COOPER: But you -- when you first saw her and she said the name Amanda Berry, did it --

RAMSEY: It didn't -- I didn't know. Because I forgot. Bro, this is Cleveland. Since they haven't found that girl.

COOPER: Right.

RAMSEY: And I guess stopped looking for that girl, we figured that girl was -- met her demise.

COOPER: Right.

RAMSEY: So Berry didn't register with me until I was on the phone like, wait a minute, I thought this girl was dead.

COOPER: What does it -- what does it feel like to have been living next to this for a year?

RAMSEY: See, that's why now I'm having trouble sleeping. See, up until yesterday, the only thing that kept me from losing sleep was the lack of money. See what I'm saying? So now that that's going on, and I could have done this last year, not this hero stuff, just do the right thing --

COOPER: Do you feel like a hero?


COOPER: Because there's a lot of people, they're saying you're a hero.


RAMSEY: No, no, no. Bro, I'm a Christian, an American, and just like you. We bleed same blood, put our pants on the same way. It's just that you got to put that -- being a coward, and I don't want to get in nobody's business. You got to put that away for a minute. COOPER: Because you know how it is. There's a lot of people who turn away.


RAMSEY: You have to have cajones, bro.

COOPER: Keep walking down on the street.

RAMSEY: That's all what it's about. It's about cajones on this planet.

COOPER: Has the FBI said anything about a reward or anything? Because there was that -- there was a reward for finding her.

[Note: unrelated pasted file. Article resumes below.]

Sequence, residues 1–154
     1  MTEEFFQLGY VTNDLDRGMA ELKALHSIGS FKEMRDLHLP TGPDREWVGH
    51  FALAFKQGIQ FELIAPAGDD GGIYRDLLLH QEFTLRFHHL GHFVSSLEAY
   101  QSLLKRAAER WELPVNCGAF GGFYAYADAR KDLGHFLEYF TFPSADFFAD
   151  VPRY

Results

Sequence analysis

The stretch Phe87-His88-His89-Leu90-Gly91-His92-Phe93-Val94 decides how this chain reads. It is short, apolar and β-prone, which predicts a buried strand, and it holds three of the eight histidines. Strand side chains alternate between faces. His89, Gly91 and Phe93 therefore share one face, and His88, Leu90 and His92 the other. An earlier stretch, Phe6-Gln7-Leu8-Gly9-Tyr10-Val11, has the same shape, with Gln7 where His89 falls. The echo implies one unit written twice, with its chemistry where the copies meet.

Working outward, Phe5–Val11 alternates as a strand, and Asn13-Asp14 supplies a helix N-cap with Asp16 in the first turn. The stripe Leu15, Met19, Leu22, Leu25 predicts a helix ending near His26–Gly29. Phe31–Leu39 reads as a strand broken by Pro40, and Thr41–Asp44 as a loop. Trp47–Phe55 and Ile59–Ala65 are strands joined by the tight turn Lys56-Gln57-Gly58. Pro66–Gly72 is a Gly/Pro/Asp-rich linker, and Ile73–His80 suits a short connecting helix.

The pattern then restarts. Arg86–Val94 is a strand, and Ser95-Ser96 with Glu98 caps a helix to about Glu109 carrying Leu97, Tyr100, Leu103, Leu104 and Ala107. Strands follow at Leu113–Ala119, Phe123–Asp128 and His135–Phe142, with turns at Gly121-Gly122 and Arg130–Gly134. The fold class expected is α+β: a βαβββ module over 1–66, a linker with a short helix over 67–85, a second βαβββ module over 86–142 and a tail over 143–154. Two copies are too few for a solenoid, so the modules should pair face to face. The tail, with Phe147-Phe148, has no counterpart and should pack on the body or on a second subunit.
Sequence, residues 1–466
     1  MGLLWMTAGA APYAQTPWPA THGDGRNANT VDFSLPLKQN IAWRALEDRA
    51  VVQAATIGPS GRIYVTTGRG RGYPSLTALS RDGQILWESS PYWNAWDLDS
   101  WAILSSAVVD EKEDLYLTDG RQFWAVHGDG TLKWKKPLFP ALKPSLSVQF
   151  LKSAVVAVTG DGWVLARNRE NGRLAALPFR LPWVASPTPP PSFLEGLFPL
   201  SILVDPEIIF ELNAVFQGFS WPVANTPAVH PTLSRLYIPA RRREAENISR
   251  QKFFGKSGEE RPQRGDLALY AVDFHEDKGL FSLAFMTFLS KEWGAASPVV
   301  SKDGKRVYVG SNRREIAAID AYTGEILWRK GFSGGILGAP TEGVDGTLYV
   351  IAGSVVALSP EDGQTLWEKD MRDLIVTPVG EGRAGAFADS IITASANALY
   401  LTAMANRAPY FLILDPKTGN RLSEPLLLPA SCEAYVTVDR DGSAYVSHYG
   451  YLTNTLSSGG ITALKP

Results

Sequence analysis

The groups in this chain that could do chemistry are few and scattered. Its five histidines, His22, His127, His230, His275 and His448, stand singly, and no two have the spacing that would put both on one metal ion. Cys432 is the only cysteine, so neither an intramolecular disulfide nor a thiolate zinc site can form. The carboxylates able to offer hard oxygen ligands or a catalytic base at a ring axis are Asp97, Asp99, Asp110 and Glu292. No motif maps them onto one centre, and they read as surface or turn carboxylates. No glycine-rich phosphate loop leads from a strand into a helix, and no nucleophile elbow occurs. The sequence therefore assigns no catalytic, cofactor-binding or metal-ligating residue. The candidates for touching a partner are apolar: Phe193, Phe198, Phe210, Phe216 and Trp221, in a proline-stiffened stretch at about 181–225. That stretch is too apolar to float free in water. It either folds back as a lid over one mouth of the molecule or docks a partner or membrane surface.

RAMSEY: I tell you what you do, give it to them. Because if folks been following this case since last night, you been following me since last night, you know I got a job anyway. Just went picked it up, paycheck. What that address say? That say?

COOPER: I don't have my glasses. I'm blind as a bat.

RAMSEY: 2203 Seymour. Where are them girls living? Right next door to this paycheck. So yes, take that reward and give it to -- that little girl came out the house and she was crying. And I'm looking at her, right, I'm like your mama trying to help you, girl, shut up. I don't know, right. And she's like I want my daddy. And I said, who's her daddy? She said Ariel.

COOPER: She said that.

RAMSEY: Yes. I said well, how's that possible? Because you wouldn't -- if you got kidnapped, he was having sex with you? Oh, Jesus. That little girl is his? Now we want to hurt you.

COOPER: You felt that?

RAMSEY: Bro, this will be a different interview, I told you that, if we had known that. Man, I would be facing triple life.

COOPER: Wow. I'm glad it turned out this way.


COOPER: Charles Ramsey.

There are questions tonight about whether there were signs that something was wrong in this neighborhood long before Amanda Berry called out for help last night and Charles responded.

In one incident that could have been a missed opportunity, police were called to that home in 2004 to investigate a complaint against Ariel Castro, a school bus driver who left a child on a school bus. Investigators apparently knocked on the door, did not make contact with him, and the matter was dropped when investigators decided that he didn't have any criminal intent in that incident. He didn't do it on purpose.

A few neighbors said they called police in recent years after hearing yelling coming from the house and one neighbor called police, she says, after seeing a naked woman in the backyard.